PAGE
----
Home Warranty Coverage Vs. home insurance coverage

Home Warranty Coverage Vs. home insurance coverage

When everything is working as expected, a home can offer a place for peace and relaxation. But owning a home can also require ongoing and expensive repairs, from fixing a broken appliance to replacing a damaged roof. Depending on what needs to be repaired or replaced, and why, a home insurance policy or home warranty can help provide protection.

While home warranties and homeowners insurance policies can help cover your home, they don’t offer the same types of protection. Here’s a look at some of the differences.

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What does a home warranty cover?

A home warranty can help cover the repair or replacement of a broken appliance. A home warranty may also cover what the Federal Trade Commission (FTC) calls “limited labor and materials” coverage for specific house parts in a new home. This Old House notes that a home warranty can also cover plumbing or electrical work.

What is excluded from home warranty coverage? According to the FTC, home warranties may not include components “covered by a manufacturer’s warranty.” If your new furnace breaks down, then you probably have to discuss a repair with your furnace system manufacturer.

A home warranty is not a blank check for repairs or replacements. According to the FTC, a home warranty may also have rules regarding how homeowners can make a claim, and could also outline how an item, such as a furnace, will be repaired or replaced. Some warranties may specify which repair companies can complete a repair.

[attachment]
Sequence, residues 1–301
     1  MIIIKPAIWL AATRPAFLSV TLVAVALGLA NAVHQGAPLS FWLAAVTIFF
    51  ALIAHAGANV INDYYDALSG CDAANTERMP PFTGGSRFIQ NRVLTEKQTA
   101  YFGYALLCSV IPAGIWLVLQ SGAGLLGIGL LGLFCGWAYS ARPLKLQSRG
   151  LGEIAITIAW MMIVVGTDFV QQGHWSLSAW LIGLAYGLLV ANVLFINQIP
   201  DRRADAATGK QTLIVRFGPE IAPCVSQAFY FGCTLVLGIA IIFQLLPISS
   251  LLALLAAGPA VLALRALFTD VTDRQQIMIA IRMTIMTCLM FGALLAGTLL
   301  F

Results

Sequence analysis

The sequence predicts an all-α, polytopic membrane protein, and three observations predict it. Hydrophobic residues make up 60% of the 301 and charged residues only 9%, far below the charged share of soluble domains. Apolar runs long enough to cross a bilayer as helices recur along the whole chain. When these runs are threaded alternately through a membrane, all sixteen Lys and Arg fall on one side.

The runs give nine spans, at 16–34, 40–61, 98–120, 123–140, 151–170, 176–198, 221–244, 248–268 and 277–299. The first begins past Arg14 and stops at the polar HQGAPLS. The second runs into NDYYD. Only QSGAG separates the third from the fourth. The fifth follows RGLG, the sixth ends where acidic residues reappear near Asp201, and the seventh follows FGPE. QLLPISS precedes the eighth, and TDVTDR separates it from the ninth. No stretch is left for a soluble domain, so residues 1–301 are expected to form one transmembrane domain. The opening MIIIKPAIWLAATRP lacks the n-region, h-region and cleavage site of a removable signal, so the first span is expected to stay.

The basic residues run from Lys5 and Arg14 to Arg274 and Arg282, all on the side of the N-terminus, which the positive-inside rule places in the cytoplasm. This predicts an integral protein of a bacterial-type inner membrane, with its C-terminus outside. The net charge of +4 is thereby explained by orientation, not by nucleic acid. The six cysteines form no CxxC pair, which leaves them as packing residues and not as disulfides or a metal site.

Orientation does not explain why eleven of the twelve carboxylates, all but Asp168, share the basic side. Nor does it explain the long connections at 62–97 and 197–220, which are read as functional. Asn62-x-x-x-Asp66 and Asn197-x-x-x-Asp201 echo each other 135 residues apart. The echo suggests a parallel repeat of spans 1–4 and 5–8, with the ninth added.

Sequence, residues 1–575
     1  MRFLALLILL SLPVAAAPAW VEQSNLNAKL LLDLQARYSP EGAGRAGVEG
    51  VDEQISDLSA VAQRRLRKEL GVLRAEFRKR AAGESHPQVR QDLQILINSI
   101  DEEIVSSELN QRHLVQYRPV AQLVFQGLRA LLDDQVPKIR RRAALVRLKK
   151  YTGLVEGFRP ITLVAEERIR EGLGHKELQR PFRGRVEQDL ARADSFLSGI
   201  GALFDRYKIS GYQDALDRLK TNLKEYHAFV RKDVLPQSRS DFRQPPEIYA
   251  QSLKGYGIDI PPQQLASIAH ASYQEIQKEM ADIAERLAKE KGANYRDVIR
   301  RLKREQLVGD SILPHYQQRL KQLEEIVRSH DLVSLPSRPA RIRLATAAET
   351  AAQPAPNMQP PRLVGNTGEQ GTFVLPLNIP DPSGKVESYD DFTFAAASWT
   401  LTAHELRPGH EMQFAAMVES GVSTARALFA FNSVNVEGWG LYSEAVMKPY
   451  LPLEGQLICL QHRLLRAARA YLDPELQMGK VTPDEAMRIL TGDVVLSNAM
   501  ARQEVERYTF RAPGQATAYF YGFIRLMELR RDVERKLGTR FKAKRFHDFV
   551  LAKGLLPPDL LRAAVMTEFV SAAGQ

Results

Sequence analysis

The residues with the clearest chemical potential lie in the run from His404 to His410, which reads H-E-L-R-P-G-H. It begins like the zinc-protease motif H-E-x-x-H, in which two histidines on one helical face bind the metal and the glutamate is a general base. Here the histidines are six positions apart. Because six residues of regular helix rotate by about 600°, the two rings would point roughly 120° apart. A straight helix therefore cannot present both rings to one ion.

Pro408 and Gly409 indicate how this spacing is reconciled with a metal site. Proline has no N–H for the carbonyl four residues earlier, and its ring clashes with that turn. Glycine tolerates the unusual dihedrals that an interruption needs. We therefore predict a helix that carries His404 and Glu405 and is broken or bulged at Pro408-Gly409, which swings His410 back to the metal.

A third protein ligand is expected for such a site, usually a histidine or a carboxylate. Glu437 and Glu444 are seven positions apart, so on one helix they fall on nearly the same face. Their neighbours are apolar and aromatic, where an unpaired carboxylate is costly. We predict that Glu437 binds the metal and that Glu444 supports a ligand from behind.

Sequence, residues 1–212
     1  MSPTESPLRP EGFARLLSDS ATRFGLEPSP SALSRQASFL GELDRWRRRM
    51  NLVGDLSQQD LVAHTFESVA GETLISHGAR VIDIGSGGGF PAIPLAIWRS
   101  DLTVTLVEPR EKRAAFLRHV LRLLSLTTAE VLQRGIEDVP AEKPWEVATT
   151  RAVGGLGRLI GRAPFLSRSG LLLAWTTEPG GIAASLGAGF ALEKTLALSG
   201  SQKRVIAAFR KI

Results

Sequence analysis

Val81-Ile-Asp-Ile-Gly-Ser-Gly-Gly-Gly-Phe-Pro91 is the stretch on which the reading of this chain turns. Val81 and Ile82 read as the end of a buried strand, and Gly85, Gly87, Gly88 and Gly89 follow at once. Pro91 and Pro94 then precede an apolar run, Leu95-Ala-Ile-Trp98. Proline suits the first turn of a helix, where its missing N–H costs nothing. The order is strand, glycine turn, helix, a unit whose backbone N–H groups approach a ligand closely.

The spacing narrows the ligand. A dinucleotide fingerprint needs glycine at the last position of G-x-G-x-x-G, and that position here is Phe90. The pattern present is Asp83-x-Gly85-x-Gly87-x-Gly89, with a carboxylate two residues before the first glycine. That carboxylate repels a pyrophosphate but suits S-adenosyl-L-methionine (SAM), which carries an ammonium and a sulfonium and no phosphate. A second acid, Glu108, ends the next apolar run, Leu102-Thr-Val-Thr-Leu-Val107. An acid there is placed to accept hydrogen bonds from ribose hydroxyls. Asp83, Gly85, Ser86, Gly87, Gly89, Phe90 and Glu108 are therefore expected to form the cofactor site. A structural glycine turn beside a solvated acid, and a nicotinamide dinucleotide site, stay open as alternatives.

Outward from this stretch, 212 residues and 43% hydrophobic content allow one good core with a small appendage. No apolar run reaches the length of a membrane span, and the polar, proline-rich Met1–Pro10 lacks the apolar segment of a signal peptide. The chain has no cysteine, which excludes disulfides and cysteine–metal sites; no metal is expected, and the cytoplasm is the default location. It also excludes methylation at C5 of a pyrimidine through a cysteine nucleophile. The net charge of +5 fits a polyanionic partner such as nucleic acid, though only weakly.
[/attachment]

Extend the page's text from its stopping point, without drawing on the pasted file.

While a home warranty can be a worthwhile purchase for a homeowner, Michigan State University Extension notes that “home warranty coverage is never required.”

What does home insurance cover?

While a home warranty can provide coverage for an appliance that has stopped working, what if someone steals your belongings or your home is damaged by fire?

A typical homeowners insurance policy can help pay to repair your home or replace your personal property after a covered event (also known as a crime) such as theft or fire. However, homeowners insurance will generally not provide protection if, for example, your air conditioner or other appliance breaks down or is defective.

Homeowners insurance typically also comes with liability coverage , which can help pay for legal fees or medical bills if you’re found liable after a visitor is injured in your home.

It is important to note that coverage limits will always apply. Your insurance provider can help you determine if you have enough protection in case you experience a loss.

A home warranty and home insurance policy offer different types of coverage that can give you peace of mind when considering certain scenarios.

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